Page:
The killer is the edge speed of the signals, so if you can slow them down, you gain dB's,
Adding serial resistors and possibly a small cap to gnd can round the edges, if you have the time budget.

If the driver is "programable" then you could look at the chip, depending upon what it is , it might have different drive strengths / slew rates, which again could lower your edge rate,

Does this cable to to a connector on the metal box ?
There are various connectors that have R/c networks in them to reduce the emissions, depends what you have ,

Do you have a near field probe and spec analyser to help you locate and evaluate the different changes and effects ?

https://interferencetechnology.com/diy-near-field-probes-preamplifiers/

From where you at, sorry , this is not going to be easy .
 

Thread Starter

david.larsen_MoveInno

Joined Apr 23, 2021
4
Thank you guys so much for your replies. I realize this is not a trivial task, which is why I asked the question here :)
@andrewmm Yes it's to reduce emission of the cable.
Simply put, I need a ~5dB reduction to a series of 33- and 135 MHz multiples in the range 66-500MHz. The specific frequencies obviously depends on the measument angle etc..
The cable is actual not a classic ribbon cable, but rather an FFC-type cable, so the ferrite is still and option - but I probably can't bundle it together very well :) Actually it's also pre-mounted on the display assembly, so tampering with it is.. difficult.. in terms of production line reproduceability.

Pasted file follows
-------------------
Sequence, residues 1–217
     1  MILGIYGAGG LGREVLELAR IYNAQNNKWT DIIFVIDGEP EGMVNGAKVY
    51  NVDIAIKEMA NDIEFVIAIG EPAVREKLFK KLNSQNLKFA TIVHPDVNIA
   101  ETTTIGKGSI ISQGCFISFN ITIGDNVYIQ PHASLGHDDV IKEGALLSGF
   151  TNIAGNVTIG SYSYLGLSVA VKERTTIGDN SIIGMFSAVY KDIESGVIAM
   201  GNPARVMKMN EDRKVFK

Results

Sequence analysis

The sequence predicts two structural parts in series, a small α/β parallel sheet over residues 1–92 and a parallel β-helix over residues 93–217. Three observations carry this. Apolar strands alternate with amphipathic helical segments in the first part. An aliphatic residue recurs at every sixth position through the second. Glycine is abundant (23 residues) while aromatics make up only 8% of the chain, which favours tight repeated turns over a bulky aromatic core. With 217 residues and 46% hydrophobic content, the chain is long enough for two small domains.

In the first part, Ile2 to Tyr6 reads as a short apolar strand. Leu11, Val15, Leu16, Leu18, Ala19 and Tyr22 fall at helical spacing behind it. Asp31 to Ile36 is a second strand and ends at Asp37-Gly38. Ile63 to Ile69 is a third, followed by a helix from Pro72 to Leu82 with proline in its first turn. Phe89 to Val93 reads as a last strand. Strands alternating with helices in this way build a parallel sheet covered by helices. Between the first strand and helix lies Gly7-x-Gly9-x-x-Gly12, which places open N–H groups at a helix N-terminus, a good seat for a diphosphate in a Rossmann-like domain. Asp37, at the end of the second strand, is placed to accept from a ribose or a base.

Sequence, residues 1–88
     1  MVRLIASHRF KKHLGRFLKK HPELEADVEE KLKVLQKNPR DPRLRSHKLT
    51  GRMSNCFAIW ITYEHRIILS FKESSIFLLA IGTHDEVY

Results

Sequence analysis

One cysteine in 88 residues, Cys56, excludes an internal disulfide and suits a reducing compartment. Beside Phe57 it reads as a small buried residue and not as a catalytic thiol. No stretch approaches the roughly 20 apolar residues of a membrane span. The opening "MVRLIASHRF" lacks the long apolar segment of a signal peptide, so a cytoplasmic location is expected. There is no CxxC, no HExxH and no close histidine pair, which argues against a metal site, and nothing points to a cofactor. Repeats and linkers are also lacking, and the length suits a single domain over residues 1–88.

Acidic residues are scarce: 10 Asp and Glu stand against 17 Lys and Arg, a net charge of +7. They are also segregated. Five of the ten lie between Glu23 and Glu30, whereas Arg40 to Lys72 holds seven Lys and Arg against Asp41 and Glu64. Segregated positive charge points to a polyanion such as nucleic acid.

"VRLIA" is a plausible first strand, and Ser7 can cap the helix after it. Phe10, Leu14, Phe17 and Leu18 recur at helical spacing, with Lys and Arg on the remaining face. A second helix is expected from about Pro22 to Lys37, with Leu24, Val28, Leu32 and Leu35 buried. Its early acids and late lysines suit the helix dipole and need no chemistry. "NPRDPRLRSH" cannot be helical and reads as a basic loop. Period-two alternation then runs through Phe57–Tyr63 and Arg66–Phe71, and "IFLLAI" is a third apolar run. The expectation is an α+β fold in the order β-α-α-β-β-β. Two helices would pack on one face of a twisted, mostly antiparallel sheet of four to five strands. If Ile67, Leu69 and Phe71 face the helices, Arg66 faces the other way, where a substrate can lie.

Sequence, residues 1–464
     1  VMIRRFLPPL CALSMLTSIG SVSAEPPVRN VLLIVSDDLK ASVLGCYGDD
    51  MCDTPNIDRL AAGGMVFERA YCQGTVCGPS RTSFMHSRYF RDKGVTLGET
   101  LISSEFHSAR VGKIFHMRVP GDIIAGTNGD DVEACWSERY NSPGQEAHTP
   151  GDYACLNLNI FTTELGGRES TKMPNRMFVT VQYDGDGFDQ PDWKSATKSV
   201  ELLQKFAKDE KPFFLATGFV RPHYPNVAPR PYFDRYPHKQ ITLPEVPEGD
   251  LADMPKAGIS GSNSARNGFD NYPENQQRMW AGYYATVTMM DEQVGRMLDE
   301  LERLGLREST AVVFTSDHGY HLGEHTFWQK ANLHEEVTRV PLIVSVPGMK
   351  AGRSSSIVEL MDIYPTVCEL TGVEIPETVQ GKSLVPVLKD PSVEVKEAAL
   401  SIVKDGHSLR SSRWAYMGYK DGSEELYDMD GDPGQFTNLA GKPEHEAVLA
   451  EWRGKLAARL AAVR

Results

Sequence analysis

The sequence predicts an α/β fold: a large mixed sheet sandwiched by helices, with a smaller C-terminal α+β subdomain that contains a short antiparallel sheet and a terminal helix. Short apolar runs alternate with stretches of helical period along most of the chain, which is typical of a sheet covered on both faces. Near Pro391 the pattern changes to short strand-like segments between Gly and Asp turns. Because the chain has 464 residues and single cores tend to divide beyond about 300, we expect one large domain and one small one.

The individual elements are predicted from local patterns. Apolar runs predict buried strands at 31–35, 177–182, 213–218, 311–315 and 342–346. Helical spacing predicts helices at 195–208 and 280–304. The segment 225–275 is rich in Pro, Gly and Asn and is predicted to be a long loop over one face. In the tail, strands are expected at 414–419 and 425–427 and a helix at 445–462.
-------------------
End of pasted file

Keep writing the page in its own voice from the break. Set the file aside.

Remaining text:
I'm intrigued by your comment on diff-pair routing option, since the display data lines are basically just 3x8 (8-bit RGB) single-ended data lines. How would you go about pairing them?

I'll definitely look into slew rate reductions, if the FPGA supports it, but I kinda doubt I'm that lucky.
Otherwise I guess I need to go with the series resistor option (100/220R-ish?)
Do you happen to know if FFC connectors with build-in Res/cap network is a thing?

I unfortunately don't have near field probes. This is of course an issue - but I might get me some, because otherwise I'm basically just guessing what's what here....

I hope this answered your questions - please let me know if you to know anything further!
... And again; thanks for the input!

Cheers!